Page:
Emerald-spotted Wood-dove

(Turtur chalcospilos)

dummy - Emerald-spotted Wood-dove Ndumo Game Reserve, South Africa - 21-Nov-14 dummy - Emerald-spotted Wood-dove Eastern Shores - iSimangaliso Wetland Park, South Africa - 25-May-13 dummy - Emerald-spotted Wood-dove Ndumo Game Reserve, South Africa - 02-Nov-14 dummy - Emerald-spotted Wood-dove Tembe Elephant Park, South Africa - 29-Sep-14

The emerald-spotted wood-dove (Turtur chalcospilos) is a small and common species of pigeon found in sub-Saharan Africa. It reaches an average length of 20 cm (8 in). It is characterized by its metallic green patches on the folded wings, which have given it its name. Neck, back and wings are a dull greyish brown. Head is bluish grey. Underparts and throat are pinkish. It also has two very visible black bands on the back between the folded wings. Sexes are similar but females might be slightly duller. The green spots are duller on juvenile birds.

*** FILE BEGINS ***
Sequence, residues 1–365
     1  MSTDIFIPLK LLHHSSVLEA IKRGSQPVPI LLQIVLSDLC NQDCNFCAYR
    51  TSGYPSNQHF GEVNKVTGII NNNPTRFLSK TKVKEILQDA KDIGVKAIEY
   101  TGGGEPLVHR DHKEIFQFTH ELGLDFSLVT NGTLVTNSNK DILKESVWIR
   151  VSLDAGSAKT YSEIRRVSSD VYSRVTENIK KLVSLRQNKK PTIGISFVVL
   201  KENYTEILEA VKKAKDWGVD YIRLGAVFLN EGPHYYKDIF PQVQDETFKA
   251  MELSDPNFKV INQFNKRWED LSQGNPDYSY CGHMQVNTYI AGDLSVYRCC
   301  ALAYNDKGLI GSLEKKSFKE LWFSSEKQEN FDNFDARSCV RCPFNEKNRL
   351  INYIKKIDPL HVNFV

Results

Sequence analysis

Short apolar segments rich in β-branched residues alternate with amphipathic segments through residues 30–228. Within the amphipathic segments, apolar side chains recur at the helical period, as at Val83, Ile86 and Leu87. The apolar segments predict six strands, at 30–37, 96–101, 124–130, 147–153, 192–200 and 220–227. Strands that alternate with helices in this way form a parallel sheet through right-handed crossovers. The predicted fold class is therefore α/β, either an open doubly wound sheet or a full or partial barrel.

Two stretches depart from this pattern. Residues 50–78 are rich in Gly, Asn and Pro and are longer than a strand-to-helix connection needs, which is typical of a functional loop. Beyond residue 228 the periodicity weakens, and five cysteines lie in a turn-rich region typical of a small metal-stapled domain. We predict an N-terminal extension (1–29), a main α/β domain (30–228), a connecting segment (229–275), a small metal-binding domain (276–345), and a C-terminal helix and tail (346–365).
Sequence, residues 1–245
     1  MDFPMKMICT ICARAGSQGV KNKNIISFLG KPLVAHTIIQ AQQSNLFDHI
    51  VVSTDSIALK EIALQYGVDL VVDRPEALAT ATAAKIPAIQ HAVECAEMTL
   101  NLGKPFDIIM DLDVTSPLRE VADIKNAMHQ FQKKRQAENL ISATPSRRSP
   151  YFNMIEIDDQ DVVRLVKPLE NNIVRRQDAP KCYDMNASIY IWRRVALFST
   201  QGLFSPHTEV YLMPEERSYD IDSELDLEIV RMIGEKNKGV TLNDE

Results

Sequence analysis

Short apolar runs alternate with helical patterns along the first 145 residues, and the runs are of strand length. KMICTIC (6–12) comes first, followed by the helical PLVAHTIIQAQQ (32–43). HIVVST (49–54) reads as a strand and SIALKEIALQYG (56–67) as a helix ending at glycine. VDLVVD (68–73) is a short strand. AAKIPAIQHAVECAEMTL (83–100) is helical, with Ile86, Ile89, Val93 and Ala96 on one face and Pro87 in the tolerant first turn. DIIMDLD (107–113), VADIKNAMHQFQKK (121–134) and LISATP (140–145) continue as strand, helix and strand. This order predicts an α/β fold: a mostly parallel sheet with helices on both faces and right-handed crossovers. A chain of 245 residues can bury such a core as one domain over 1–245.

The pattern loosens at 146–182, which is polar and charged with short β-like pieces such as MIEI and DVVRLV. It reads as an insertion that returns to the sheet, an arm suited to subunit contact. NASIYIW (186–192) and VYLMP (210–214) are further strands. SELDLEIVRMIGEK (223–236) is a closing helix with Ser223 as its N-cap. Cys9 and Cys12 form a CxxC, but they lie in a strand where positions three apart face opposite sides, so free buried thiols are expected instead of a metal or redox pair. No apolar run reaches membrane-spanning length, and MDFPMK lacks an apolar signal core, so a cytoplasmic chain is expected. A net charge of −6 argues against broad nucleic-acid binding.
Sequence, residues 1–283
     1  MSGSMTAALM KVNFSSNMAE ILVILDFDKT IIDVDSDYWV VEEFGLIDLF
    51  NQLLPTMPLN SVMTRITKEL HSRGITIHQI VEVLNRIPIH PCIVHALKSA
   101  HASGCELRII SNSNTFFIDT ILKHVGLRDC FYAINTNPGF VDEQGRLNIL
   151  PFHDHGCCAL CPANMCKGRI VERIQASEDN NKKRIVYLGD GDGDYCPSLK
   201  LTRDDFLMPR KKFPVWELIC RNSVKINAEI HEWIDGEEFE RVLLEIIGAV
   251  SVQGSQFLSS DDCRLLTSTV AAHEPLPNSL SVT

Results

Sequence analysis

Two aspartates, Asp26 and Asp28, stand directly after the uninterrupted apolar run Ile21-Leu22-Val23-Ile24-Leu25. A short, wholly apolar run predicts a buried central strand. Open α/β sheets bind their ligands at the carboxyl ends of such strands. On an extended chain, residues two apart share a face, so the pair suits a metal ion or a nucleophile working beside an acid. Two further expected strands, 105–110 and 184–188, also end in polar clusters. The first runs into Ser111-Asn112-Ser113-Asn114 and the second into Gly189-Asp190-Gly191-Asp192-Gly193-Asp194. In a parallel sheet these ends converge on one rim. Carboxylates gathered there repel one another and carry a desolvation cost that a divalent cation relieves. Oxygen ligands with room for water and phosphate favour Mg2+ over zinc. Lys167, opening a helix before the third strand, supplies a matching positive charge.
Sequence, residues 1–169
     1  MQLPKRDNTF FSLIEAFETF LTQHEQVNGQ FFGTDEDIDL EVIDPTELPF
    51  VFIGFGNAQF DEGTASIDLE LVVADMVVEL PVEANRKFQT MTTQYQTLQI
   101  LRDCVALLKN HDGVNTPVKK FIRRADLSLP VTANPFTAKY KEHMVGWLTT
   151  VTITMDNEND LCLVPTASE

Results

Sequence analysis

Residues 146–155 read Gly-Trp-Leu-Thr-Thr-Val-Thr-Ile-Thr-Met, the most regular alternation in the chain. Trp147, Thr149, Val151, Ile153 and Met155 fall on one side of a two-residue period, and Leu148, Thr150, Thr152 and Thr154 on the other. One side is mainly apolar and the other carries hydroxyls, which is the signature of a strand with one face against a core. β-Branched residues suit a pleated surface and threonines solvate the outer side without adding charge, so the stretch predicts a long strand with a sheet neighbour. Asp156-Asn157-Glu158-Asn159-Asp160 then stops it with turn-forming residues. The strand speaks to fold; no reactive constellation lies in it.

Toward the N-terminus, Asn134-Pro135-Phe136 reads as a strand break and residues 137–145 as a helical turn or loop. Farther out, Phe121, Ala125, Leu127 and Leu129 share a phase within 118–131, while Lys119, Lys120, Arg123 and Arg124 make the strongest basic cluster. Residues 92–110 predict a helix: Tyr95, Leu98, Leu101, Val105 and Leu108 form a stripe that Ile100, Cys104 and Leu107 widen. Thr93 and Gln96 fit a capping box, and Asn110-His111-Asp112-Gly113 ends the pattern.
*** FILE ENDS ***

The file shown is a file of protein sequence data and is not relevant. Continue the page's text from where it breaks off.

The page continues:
Diet and habitat

The emerald-spotted wood-dove is found in many habitats but does not like arid areas and rainforests. Preferred habitats are dry closed woodlands, open woodlands, sand forests and savannas. It is also found in orchards and gardens. Most of its foraging is done on the ground. It feeds on seeds, fallen fruit and small invertebrates.


It builds a small nest which is placed in a tree, a bush or on an aloe 0.5-6 m above ground. It is usually a platform made out of stems, roots and twigs. 1-2 eggs are laid and incubated mainly by the female for about 17 days. The chicks leave the nest after 15-17 days.


The emerald-spotted wood-dove is abundant and very common within its large distribution. There are no threats and it is listed as least concern on the IUCN Red List.

Least Concern - Emerald-spotted Wood-dove